The industrial strength of Florence was based on textiles. Wool manufacturing was the engine behind the city’s medieval growth, and, despite the increasing importance of silk in the fifteenth century, it remains the city’s biggest employer. At the top of the tree are the merchants of the Wool Guild. At the bottom are labourers like our guide Giovanni, a wool-beater whose job is to prepare the raw material before it’s sent out to more specialist artisans, to be spun into thread and woven into cloth.
Each day the rhythm of work brings Giovanni, and hundreds of men like him, streaming into the city-centre workshop district from Florence’s poorer, outlying neighbourhoods. For Giovanni this is the parish of Sant’Ambrogio. Here, with his mother and sister, he rents a property from the nuns who run the parish church. He belongs to one of the district’s religious fraternities, which organise burials for the dead and charity for the living. The dense social world of the neighbourhood sustains a strong sense of both local and class identity. Giovanni is also a member of his district’s potenza or‘power’, one of the city’s strictly lower-class brigades that gather at street-corners and in taverns. During May Day festivities, the men of these potenze elect kings and mark out kingdoms; Sant’Ambrogio becomes the Grand Monarchy of the Red City and the rich become, briefly, the subjects of the poor.
The growth of lower-class associations such as religious fraternities and their festive counterparts have gone some way to defusing the class conflict that shook Florence to its core a century before Giovanni’s time, when textile workers rebelled and briefly took over the republic. Now, the government of Lorenzo de’ Medici, who is the biggest patron of the potenze, has allowed even the once radical wool-beaters to associate as a fraternity, so they can assert their collective occupational identity and organise basic social insurance.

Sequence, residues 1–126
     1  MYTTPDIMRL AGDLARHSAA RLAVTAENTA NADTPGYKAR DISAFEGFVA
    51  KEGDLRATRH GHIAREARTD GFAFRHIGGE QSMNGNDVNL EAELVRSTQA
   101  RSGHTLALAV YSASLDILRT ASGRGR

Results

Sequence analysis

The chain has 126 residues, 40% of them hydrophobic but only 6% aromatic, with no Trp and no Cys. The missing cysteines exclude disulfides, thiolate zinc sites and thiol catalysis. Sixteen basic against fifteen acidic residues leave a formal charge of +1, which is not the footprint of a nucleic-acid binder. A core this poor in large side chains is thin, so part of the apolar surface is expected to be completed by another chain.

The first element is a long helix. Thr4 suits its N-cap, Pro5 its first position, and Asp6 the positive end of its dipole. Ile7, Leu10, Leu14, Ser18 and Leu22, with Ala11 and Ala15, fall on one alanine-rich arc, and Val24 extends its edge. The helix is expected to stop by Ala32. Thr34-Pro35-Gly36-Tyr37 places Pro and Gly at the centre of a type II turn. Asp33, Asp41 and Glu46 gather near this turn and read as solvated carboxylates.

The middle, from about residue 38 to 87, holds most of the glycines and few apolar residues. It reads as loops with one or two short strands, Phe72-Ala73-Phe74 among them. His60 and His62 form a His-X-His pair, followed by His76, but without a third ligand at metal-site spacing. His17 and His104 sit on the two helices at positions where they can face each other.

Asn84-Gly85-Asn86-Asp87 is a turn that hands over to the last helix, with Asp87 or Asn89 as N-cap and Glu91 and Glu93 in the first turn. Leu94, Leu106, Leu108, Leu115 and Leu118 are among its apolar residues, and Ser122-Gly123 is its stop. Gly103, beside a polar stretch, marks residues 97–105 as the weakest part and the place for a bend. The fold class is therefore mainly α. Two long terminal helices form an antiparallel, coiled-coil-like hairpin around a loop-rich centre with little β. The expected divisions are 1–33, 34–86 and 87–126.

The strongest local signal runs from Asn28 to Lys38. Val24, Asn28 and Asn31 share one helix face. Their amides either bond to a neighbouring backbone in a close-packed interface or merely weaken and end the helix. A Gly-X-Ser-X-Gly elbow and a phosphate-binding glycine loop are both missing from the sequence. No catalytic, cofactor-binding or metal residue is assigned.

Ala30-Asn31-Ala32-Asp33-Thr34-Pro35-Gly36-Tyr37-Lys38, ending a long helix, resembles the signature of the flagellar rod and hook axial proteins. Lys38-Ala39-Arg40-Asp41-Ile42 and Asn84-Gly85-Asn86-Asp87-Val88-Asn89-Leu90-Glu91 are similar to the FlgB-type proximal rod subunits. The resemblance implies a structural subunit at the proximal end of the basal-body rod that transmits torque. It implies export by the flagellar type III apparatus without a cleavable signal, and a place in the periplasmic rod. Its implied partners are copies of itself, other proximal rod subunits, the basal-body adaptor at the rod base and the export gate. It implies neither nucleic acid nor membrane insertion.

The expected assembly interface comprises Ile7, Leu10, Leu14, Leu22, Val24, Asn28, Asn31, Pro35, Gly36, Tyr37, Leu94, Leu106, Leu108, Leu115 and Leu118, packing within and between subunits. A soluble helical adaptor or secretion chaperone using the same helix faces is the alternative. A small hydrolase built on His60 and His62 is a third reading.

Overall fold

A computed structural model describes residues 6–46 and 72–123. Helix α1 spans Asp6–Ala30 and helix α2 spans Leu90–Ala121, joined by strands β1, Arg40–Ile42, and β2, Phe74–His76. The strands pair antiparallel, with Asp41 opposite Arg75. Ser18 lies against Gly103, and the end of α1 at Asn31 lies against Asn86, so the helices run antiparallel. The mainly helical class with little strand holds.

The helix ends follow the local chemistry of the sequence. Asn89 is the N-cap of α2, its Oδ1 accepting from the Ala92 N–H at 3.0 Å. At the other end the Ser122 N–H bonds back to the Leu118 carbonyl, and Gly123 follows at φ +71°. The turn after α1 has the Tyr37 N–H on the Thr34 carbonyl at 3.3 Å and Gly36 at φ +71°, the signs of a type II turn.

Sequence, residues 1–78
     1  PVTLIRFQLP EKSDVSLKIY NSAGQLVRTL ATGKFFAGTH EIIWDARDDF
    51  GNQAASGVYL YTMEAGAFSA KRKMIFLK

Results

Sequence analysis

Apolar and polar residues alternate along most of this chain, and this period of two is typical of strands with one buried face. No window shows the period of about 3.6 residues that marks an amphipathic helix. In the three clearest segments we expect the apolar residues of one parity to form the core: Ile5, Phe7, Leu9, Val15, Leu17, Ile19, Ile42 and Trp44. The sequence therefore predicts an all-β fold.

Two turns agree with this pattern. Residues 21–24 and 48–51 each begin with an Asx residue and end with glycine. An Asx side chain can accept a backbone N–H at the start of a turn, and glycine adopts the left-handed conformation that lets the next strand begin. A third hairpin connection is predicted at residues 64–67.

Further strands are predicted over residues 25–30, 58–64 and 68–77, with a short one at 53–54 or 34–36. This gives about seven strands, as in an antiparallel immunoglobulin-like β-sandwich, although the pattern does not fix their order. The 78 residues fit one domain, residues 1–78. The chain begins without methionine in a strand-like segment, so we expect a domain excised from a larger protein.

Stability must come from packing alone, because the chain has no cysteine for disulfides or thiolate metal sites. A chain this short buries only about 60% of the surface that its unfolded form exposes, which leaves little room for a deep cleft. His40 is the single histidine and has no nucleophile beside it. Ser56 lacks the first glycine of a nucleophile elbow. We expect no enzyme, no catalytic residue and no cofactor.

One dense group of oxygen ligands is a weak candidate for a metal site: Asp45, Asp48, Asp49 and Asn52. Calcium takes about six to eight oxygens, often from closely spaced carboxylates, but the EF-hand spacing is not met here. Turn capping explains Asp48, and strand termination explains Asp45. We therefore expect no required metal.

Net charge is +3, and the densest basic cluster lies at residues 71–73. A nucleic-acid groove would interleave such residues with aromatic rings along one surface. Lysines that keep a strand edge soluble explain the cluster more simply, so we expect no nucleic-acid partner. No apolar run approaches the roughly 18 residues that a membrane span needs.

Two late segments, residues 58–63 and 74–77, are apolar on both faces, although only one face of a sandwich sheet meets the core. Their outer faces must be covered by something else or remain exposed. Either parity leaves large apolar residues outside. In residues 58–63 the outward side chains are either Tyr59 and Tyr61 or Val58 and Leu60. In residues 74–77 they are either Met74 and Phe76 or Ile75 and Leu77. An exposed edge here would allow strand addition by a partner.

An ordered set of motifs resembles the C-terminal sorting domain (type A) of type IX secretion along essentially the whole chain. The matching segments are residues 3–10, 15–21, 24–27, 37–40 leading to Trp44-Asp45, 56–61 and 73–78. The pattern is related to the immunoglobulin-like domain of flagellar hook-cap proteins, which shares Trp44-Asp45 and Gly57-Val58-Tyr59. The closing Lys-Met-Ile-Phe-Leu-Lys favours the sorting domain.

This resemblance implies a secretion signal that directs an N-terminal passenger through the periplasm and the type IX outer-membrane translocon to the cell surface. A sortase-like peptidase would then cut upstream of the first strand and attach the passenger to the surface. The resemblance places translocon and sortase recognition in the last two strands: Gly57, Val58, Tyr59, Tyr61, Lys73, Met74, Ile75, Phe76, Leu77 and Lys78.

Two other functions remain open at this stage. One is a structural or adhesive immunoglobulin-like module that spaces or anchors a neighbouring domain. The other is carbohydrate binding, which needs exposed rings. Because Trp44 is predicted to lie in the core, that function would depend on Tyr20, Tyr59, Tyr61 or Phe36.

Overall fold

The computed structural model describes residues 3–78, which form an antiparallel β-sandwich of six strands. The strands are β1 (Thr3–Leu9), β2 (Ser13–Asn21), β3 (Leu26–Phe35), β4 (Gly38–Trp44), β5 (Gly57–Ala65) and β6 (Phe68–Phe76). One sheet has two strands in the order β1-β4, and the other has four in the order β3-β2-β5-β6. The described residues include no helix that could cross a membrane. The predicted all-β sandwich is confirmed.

Despite this, labourers like Giovanni remain excluded from guild and city politics, and they survive on little more than subsistence wages. Giovanni is no revolutionary, but he’s a wry and critical commentator on the civic world. As he walks you through a day in his life, you’ll hear about tavernkeepers, petty criminals, market sellers, streetcorner Madonnas, and much else besides. But as he takes you into the heart of Florence, you’ll also get his perspective on guilds, palaces, and politics. Giovanni navigates the city’s structures of power and patronage, as he must, but he’s keenly aware the game is rigged.
To cite this essay, we suggest:
David Rosenthal, ‘Introduction: Giovanni’s Florence’ published online 2019, in ‘Hidden Florence’, The University of Exeter, https://hiddenflorence.org/stories/politics-and-people/introduction-giovannis-florence/
Elizabeth and Thomas V Cohen, Daily Life in Renaissance Italy (Westport, Connecticut: Greenwood Press, 2001)
Lauro Martines, Power and Imagination: City-States in Renaissance Italy (Baltimore: Johns Hopkins University Press, 1988)
John M Najemy, A History of Florence, 1200 – 1575 (Wiley-Blackwell, 2008)
Richard C Trexler, Public Life in Renaissance Florence (New York: Academic Press, 1980)